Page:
“Shit, the engine died AGAIN? Oh god now what? <insert tone of frustration> Christ, they’re going to have to tow me off the track again?” <growl thru clenched teeth>
There I sat in the grass near the exit of Road Atlanta’s turn 7, wondering why my engine just crapped out again. And also hoping that no one spun on the exit of 7 and collected me, at 80mph, en route to the wall.
The week before Road Atlanta, one of the most famous tracks in N. America, had been a hard one. Heck, the 2 months before Road Atlanta had been hard.
My engine’s bearings had failed at a race in April. But the motor had ran pretty strong, vindicating the months of work fighting thru various goatscrews….Diagnosing the engine’s troubles, getting an expensive new head, diagnosing it’s troubles, getting it repaired. Twice. Then ultimately installing the new head.
In the weeks that followed the April “Uh oh, my bearings are toast” race, I schemed, planned, cajoled and purchased my way to a relatively complicated adventure that was intended to ultimately result in the most fabulous BMW engine the world has ever seen. Parking the race car in the front driveway, where it would remain high up on jackstands for a couple weeks, I removed the engine, dismantled it and took the bare block to a local machine shop.
I’d never done all this by myself, so I was a little intimidated. But there were lots of race buddies to call on if I got stuck.
Meanwhile pistons, bearings and what-not were coming in from various places around the country.
While that was being done I worked on creating an incredible oiling system such that my bearings would last until the eventual heat-death of the universe. I was irked about having to replace engine bearings twice in 2 yrs. The plan for the new system was looking like a relatively complicated affair with stainless steel hoses going all over the place to support a big new oil cooler and a big 3qt “oil sump” that would push oil into the engine when it’s oil pump started sucking air in 1.3g turns.
If you’ve always wanted to know more about race car oiling systems you’re welcome to spent the next 10min at: http://www.gress.org/Home/Cars/TrackTales/DIY/OilingSystem%20Improvements/OilingPlan.htm
I’d also gone crazy on gauges and warning lights. I put in 18 bezillion temperature and pressure sensors, switches, gauges and warning lights. I installed sensors for so many warning lights that all the flashing lights in the cockpit would, at the first sign of trouble, look like a 70’s disco. And it that’s what you’ve always wanted to know more about, it’s at: http://www.gress.org/Home/Cars/TrackTales/DIY/GaugeProject/GaugeProject.htm
I even spent time testing a mess of amber and red warning lights and leds such that I could determine which ones were bright enough that they would catch my attention in broad daylight in the crazy environment of a race car. Since the oil pressure warning lights were critical, I used 4 high intensity led light bars on top of my dash so there was no way I could miss warning of an oil pressure drop.
Weeks later, at night, I turned the key in the car’s ignition. Starting the car at night is unusual. And the oil pressure led light bars strobed on and like half of a flashbang grenade. They were so damn bright it felt like my eyes had been blasted out of my skull. Oh the pain of genius.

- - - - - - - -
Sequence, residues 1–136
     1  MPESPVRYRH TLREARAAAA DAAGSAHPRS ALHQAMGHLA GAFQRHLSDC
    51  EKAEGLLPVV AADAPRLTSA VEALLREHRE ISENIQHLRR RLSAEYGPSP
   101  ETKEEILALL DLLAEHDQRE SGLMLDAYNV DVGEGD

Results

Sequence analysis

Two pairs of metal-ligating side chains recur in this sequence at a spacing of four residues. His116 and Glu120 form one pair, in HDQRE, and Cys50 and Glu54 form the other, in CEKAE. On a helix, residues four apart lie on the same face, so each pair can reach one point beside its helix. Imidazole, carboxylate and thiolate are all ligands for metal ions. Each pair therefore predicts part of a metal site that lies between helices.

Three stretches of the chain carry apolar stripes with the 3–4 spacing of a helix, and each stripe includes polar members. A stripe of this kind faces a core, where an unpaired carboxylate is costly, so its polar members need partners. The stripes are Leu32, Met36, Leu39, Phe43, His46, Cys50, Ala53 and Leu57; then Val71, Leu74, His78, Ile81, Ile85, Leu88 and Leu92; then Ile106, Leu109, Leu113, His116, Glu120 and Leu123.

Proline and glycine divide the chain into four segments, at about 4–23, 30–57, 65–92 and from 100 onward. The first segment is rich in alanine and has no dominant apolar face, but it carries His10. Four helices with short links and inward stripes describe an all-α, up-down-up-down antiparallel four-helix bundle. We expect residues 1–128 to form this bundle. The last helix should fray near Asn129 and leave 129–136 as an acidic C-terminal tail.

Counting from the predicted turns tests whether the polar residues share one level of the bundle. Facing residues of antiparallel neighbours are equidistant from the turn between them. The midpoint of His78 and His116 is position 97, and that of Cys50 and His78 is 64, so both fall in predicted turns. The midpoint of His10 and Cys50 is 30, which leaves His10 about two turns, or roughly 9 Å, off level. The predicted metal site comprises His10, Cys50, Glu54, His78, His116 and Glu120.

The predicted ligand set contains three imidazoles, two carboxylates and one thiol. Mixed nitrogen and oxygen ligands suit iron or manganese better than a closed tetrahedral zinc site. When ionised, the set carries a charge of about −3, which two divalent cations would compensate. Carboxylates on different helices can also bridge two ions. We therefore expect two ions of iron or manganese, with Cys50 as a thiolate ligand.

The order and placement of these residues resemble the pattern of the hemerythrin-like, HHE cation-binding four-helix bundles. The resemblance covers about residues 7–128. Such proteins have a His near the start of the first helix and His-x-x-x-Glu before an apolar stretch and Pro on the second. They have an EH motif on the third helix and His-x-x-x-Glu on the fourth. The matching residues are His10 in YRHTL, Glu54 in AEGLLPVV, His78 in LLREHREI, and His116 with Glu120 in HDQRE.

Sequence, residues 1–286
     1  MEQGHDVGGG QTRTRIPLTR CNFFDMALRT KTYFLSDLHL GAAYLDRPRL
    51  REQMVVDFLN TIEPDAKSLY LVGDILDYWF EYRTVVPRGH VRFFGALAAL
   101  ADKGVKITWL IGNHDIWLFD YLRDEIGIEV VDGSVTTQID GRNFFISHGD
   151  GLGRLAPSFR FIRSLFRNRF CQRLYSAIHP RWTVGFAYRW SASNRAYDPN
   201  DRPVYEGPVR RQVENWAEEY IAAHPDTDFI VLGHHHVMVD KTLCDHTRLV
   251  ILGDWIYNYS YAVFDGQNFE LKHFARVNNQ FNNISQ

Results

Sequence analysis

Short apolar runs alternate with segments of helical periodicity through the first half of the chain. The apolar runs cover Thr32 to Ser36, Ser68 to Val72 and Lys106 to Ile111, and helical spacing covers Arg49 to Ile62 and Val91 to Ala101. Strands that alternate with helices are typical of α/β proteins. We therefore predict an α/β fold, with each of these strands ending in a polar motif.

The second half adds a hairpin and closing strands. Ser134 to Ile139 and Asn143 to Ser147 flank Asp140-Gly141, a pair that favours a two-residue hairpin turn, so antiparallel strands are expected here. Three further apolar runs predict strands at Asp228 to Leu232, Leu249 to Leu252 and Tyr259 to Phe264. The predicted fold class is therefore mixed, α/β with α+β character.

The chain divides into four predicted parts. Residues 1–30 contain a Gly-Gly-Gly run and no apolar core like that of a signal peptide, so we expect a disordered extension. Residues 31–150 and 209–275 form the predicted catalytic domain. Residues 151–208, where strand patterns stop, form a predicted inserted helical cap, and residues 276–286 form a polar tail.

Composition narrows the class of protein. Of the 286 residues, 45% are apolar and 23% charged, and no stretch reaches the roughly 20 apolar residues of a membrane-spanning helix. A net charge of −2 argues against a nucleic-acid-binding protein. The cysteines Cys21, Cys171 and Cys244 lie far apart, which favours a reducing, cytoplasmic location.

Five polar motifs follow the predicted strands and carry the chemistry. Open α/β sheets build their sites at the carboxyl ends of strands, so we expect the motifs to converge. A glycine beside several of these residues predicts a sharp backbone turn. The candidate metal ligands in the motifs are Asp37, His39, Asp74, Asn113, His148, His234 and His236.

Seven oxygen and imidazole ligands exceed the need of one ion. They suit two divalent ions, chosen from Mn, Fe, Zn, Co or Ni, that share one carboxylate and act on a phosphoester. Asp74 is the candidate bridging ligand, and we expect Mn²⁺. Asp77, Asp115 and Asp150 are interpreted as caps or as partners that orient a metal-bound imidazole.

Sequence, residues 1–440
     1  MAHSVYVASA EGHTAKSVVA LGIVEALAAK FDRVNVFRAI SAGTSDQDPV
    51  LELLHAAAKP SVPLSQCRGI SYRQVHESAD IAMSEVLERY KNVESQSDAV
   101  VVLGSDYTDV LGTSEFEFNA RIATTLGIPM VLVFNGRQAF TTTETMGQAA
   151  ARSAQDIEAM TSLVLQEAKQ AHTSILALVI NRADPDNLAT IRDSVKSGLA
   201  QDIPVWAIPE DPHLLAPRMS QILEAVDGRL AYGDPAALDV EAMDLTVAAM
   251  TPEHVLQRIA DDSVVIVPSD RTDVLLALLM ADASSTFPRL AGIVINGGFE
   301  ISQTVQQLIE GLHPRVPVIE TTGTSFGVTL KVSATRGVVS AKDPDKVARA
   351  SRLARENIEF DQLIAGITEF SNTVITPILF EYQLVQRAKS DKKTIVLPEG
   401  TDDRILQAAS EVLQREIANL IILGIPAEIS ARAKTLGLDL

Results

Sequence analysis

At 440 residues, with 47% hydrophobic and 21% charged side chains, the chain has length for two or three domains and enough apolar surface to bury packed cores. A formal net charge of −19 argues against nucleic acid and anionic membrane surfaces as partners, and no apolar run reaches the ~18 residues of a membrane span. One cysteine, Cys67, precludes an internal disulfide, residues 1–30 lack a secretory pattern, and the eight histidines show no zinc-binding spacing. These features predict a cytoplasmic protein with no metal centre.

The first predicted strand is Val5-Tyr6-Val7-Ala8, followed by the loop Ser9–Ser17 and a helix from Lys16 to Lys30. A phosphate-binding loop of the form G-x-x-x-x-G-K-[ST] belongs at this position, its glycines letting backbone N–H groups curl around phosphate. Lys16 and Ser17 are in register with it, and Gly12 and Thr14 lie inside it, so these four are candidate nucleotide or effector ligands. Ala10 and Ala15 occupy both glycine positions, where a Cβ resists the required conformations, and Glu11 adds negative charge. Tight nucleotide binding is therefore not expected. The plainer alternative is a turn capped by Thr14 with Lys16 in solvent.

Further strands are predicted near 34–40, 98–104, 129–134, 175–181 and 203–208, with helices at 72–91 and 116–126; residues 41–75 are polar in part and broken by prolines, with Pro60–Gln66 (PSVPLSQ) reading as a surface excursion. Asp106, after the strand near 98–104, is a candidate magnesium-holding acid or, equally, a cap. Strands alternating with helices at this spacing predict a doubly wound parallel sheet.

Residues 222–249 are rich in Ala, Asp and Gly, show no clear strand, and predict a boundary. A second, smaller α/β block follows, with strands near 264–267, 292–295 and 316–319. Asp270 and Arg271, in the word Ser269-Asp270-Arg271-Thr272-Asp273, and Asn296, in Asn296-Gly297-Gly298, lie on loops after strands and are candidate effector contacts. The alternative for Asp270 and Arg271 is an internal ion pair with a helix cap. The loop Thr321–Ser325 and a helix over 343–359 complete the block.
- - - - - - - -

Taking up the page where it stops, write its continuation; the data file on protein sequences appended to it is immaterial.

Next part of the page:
The engine block then went to a local race shop for the assembly of the “bottom end”, which is to say putting the crankshaft, pistons and bearings into the block. The shop had agreed to let me assist. Not having built a bottom end before, I didn’t want to attempt tit on my own because there’s just no tolerance for error. But assisting a competent engine builder would result in me learning how to do it, so I figured.
The way it ultimately worked out, I did almost all of the work by myself. They just charged me as if the engine builder did it all. Which was irksome. Ultimately the builder did most of the first build and there was a bearing clearance problem. I did the 2 follow on builds and the problem went away.
Then I took the motor home for final assembly.
A dark and rainy Friday night a buddy and I struggled to mate the motor with the transmission. I spent hours under the car lying on the wet, muddy and oily driveway trying to coax the motor to mate up. We fought it all evening, but we just couldn’t get it done. We couldn’t seem to beat the last inch of getting the motor connected to the transmission and no amount of jiggling, repositioning or cajoling was going to get it done. We were defeated. I was frustrated and sober.
With beer and keyboard I started looking for a solution. To sobriety first, and to mating up with the transmission second.
The next day, still raining, I pulled the motor up and away from the car and carefully eyeballed the clutch alignment. I also called around town to buy or borrow a clutch alignment tool. I’m here to tell you that on Saturdays there are no BMW clutch alignment tools in Savannah GA for love or money.
Eventually I was able to figure out a way to spot that the clutch’s alignment was indeed off by a couple mm, and I carefully fixed it. Then I moved the motor back into the race car’s engine bay and a couple minutes later I’ll be goddamned if I didn’t have that engine nicely mated with the transmission. All by myself. In the rain.
By the end of the weekend the motor was fully installed and ready to start. After half a day of weak knees, I forced myself to take the plunge and it started up just fine. I was sincerely shocked.